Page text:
It has been shown that taking some herbal remedies may cause complications for people having surgery. Use of a small amount of herbs to season food is not a problem. The American Society of Anesthesiologists lists the use of herbs and remedies that could cause problems. Some of these herbs are known by other names. Read the package labels carefully. Here is the list:
What Should You Do Before Surgery?
To be safe, talk with your doctor, surgeon and nurse about all herbals and remedies you use. Tell them how often and how much you take when you have your exam before surgery.
Studies are being done to learn more about how herbs and other remedies affect bleeding and anesthesia. Much is not known. Some herbs may change or lengthen the effects of medicines used with anesthesia. Others may affect bleeding or clotting. Some can change blood pressure or interact with medicines used during surgery. In some cases the effects may be slight but still important for the anesthesiologist and doctor to know about.
In many cases it is best to stop taking herbal remedies at least 2 to 3 weeks before surgery. Anesthesiologists here at OSUMC support this advice. The anesthesiologist is the doctor who balances the medicines that keep you safely in a very deep sleep for surgery. If it happens that you do not have enough time to stop taking herbs or remedies in advance of your surgery, bring them with you to show the doctor. Bring the products in their original bottle or container. This way the anesthesiologist can read what they contain and see how much you take.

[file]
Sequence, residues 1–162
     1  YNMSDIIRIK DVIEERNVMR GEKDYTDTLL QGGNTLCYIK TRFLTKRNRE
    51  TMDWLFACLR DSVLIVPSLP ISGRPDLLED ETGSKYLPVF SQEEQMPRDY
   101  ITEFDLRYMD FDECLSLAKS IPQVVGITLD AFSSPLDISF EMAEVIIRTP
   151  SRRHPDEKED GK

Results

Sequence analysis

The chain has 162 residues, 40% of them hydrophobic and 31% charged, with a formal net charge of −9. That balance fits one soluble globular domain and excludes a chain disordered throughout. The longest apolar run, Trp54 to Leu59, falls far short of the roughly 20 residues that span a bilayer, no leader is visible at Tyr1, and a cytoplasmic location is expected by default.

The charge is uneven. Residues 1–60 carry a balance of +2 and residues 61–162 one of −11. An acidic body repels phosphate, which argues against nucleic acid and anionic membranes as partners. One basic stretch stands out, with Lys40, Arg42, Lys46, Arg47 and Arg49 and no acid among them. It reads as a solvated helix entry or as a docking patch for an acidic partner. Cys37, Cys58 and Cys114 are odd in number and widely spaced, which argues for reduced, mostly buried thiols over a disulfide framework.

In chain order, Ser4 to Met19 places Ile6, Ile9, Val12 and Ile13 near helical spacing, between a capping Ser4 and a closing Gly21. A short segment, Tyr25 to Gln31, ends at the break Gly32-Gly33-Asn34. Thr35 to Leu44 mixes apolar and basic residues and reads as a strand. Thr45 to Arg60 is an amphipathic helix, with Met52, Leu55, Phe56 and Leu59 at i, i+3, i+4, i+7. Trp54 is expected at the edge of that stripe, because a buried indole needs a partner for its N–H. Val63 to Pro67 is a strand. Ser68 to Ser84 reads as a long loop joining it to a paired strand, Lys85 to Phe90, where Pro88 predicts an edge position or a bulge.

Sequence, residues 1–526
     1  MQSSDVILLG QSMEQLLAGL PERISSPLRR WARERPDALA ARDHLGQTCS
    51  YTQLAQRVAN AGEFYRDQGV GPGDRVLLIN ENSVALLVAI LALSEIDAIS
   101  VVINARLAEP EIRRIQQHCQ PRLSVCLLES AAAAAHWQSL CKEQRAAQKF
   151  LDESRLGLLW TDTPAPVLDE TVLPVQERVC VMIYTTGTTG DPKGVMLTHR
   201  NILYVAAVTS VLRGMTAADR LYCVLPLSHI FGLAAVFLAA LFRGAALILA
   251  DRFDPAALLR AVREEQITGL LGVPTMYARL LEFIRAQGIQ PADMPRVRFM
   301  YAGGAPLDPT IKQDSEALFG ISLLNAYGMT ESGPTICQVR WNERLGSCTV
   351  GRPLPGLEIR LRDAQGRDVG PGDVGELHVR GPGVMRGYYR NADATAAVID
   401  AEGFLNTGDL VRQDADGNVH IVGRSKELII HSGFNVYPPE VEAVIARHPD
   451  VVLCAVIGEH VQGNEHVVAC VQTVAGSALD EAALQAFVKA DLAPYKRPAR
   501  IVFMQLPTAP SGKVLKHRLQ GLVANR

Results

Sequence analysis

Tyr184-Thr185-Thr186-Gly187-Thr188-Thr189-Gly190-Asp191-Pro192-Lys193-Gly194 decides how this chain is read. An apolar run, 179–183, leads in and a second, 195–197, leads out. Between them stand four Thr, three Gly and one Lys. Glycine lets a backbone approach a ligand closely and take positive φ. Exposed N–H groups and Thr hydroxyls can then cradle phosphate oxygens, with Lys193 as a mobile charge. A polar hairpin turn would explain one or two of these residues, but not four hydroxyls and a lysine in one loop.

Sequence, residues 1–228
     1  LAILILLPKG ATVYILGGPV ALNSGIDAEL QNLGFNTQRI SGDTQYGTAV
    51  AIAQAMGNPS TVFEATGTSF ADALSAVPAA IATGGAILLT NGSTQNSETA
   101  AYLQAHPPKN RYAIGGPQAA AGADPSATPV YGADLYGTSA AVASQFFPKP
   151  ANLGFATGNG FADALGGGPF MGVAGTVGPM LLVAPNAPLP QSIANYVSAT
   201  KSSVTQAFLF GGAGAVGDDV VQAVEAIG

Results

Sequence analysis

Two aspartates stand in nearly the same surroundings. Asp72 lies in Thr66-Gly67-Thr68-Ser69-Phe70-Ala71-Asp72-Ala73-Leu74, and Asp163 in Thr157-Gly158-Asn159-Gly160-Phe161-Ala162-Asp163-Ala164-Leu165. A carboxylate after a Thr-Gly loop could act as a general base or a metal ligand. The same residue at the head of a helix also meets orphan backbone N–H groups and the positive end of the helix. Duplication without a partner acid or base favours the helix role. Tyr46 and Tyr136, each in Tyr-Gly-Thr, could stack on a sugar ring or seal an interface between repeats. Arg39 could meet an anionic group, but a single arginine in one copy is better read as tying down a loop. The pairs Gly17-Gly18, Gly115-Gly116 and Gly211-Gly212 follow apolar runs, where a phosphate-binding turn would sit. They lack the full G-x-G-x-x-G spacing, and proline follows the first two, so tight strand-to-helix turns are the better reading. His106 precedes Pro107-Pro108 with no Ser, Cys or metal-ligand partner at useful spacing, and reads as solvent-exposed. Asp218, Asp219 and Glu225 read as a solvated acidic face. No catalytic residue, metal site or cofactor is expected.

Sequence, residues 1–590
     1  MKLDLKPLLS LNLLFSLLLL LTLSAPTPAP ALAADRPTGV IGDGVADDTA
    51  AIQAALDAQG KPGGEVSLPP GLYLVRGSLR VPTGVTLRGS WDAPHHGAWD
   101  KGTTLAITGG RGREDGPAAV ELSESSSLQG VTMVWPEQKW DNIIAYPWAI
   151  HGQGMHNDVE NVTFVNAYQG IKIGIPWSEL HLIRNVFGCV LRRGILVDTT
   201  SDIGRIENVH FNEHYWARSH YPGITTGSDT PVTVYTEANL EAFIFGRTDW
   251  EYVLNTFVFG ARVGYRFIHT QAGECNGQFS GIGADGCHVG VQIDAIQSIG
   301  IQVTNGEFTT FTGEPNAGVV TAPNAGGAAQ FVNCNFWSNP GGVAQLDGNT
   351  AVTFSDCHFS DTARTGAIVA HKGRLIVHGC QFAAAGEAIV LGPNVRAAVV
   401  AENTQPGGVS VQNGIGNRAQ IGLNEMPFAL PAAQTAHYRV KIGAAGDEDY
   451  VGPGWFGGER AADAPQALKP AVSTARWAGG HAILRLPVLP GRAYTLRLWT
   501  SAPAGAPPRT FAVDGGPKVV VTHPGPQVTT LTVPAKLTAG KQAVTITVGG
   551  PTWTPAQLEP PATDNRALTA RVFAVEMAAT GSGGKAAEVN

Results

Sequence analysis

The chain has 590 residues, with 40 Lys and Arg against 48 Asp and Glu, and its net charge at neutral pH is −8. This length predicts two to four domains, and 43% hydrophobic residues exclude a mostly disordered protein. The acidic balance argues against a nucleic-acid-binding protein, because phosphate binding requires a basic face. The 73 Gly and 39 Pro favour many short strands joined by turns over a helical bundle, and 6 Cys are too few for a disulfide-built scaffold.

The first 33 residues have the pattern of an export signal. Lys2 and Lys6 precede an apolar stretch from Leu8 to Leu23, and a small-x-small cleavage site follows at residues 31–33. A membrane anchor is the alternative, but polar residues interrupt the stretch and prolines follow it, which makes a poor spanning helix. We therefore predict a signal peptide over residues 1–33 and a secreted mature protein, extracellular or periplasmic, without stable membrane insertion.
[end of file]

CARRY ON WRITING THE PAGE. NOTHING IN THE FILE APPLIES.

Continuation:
Talking openly with the doctor about all herbal remedies and health practices before you have surgery is very important. This helps keep you safe.
Bladder Cancer Websites
Bladder Cancer Advocacy Network
American Bladder Cancer Society
Bladder Cancer WebCafe
National Comprehensive Cancer Center Network
Arthur G James Cancer Hospital and Richard J Solove Research Institute
http://cancer.osu.edu/ (The James) 800-293-5066
American Cancer Society (ACS)
www.cancer.org Ohio: 888-ACS-OHIO
United Ostomy Associations of America Inc (UOAA)
The Phoenix Magazine
Medical Identification Bracelet
It is important for you to purchase a medical identification bracelet. In an emergency, this bracelet will let doctors and nurses know that your bladder has been surgically removed and a new one made. It should be worn at all times. The bracelet shoud have the following words printed on it.
"I have a urostomy pouch worn on my abdomen."
You can purchase a bracelet at any of the following locations:
American Medical ID
Medic ID International